The Deep State: An Emerging Concept in Comparative Politics
SSRN Working Paper Series
Politics and Government
Over the the past two decades there has emerged a new term in the discussion of authoritarian and illiberal regimes, one known as the deep state. In spite of its increasing use, the utility of this concept is limited by its lack of clarity, often appearing to mean little more than tenacious military rule. This paper is an attempt to delineate the concept of the deep state and assess its value in understanding certain aspects of authoritarian and illiberal politics. I define the deep state as a set of coercive institutions, actors and relationships beyond those formally charged with defense, intelligence and policing. Driven politically by a logic of tutelage and exercising a high degree of autonomy, the deep state justifies itself through the need to defend the nation against purported existential threats. I begin the paper by expanding on the term, discussing which elements are central to the concept of the deep state and which are not. Second, I relate the deep state to a number of other concepts in comparative politics. Third, I briefly consider these elements to address the contexts in which a deep state may emerge. Fourth, I look at cases of deep states in Turkey, Pakistan, and Iran. Finally, I conclude the paper by discussing political transition and the deep state, and how the latter can prove a particular obstacle to democratization.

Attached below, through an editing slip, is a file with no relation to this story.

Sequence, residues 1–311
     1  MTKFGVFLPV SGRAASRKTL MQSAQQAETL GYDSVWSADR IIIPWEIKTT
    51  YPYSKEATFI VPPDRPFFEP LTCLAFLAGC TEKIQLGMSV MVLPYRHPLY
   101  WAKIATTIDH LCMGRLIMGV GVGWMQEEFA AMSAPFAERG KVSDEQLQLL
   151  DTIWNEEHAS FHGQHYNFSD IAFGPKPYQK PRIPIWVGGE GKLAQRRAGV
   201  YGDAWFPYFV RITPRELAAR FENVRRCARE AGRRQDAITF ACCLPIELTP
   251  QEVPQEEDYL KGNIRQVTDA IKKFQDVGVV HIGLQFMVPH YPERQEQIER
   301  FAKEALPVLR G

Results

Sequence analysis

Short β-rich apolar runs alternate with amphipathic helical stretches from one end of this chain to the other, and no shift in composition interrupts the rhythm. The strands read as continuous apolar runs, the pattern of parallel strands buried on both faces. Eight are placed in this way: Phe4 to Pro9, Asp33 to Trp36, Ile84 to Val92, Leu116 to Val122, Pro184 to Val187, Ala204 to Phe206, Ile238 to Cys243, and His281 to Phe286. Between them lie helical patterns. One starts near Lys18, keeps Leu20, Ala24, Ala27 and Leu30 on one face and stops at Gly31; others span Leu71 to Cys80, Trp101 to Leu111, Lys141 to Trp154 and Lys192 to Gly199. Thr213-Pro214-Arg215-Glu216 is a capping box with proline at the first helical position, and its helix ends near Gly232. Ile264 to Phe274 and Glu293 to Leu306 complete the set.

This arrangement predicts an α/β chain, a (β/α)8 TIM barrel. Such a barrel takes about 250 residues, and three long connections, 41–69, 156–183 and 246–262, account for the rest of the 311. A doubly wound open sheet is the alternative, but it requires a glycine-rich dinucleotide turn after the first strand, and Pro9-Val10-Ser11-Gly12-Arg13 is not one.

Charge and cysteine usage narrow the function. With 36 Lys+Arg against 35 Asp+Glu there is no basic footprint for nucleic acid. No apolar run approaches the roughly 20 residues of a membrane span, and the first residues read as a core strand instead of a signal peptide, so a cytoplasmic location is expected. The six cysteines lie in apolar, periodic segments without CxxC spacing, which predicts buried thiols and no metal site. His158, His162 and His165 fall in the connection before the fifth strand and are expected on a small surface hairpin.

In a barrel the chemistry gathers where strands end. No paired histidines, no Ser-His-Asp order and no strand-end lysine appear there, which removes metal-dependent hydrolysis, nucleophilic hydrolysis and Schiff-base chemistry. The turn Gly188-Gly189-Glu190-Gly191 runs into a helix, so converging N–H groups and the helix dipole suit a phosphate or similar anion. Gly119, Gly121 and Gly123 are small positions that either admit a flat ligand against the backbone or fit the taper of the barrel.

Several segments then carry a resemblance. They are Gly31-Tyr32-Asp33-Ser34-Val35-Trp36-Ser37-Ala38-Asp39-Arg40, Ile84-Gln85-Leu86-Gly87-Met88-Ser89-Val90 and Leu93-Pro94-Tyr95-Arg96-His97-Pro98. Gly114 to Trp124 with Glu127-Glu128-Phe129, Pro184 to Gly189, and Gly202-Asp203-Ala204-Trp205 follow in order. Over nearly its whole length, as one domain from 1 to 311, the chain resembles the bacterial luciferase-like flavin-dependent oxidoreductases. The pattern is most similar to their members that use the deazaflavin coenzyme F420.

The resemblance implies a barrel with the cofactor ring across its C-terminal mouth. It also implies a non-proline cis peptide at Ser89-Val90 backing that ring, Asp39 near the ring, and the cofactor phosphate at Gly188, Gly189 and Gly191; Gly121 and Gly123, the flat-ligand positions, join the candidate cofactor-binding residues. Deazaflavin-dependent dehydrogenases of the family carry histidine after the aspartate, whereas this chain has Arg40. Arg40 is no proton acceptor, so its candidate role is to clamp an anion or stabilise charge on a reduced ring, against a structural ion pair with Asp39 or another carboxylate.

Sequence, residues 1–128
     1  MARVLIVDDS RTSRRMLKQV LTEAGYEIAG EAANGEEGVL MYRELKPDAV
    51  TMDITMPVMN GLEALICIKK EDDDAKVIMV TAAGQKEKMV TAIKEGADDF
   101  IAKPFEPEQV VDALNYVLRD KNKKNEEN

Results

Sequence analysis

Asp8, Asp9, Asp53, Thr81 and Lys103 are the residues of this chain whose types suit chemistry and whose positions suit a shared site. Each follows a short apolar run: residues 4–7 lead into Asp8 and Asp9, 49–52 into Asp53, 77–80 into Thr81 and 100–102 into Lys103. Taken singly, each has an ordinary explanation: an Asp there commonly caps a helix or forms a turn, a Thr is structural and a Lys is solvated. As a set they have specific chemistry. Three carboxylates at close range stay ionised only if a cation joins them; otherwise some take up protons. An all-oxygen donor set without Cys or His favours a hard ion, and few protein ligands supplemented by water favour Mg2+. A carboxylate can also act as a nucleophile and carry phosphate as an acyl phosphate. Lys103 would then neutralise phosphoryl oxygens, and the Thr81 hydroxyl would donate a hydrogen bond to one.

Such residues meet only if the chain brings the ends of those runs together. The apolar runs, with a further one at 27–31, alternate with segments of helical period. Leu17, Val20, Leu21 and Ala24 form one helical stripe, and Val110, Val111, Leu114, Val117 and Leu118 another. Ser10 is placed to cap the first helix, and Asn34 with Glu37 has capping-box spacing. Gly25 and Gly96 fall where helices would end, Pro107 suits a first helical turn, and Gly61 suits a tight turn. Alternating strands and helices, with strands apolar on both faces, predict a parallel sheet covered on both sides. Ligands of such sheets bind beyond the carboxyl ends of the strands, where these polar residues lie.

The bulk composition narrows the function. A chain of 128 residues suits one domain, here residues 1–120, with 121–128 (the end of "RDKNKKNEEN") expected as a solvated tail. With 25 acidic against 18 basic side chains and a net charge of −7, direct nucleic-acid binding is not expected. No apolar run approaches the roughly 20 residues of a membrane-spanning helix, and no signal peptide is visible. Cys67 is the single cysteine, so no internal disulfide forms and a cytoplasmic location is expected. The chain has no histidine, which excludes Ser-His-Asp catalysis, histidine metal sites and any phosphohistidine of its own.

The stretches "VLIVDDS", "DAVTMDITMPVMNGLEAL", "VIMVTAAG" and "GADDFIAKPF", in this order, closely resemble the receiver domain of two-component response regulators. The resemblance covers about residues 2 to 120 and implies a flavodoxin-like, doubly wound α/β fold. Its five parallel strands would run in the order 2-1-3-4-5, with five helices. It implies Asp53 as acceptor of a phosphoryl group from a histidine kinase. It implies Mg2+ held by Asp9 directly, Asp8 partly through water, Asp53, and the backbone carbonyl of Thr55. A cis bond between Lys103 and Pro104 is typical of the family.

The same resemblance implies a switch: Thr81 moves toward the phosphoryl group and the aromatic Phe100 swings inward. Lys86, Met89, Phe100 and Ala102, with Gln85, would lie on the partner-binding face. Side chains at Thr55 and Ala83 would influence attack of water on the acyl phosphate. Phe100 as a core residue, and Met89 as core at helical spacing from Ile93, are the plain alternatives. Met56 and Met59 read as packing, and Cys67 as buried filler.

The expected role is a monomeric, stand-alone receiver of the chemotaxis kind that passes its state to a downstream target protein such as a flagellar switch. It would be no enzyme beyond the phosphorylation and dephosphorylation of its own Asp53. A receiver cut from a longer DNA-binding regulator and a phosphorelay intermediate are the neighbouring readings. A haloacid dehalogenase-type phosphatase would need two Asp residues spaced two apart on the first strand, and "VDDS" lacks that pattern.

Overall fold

O'Neil, Patrick H., The Deep State: An Emerging Concept in Comparative Politics (August 20, 2013). Available at SSRN: http://ssrn.com/abstract=2313375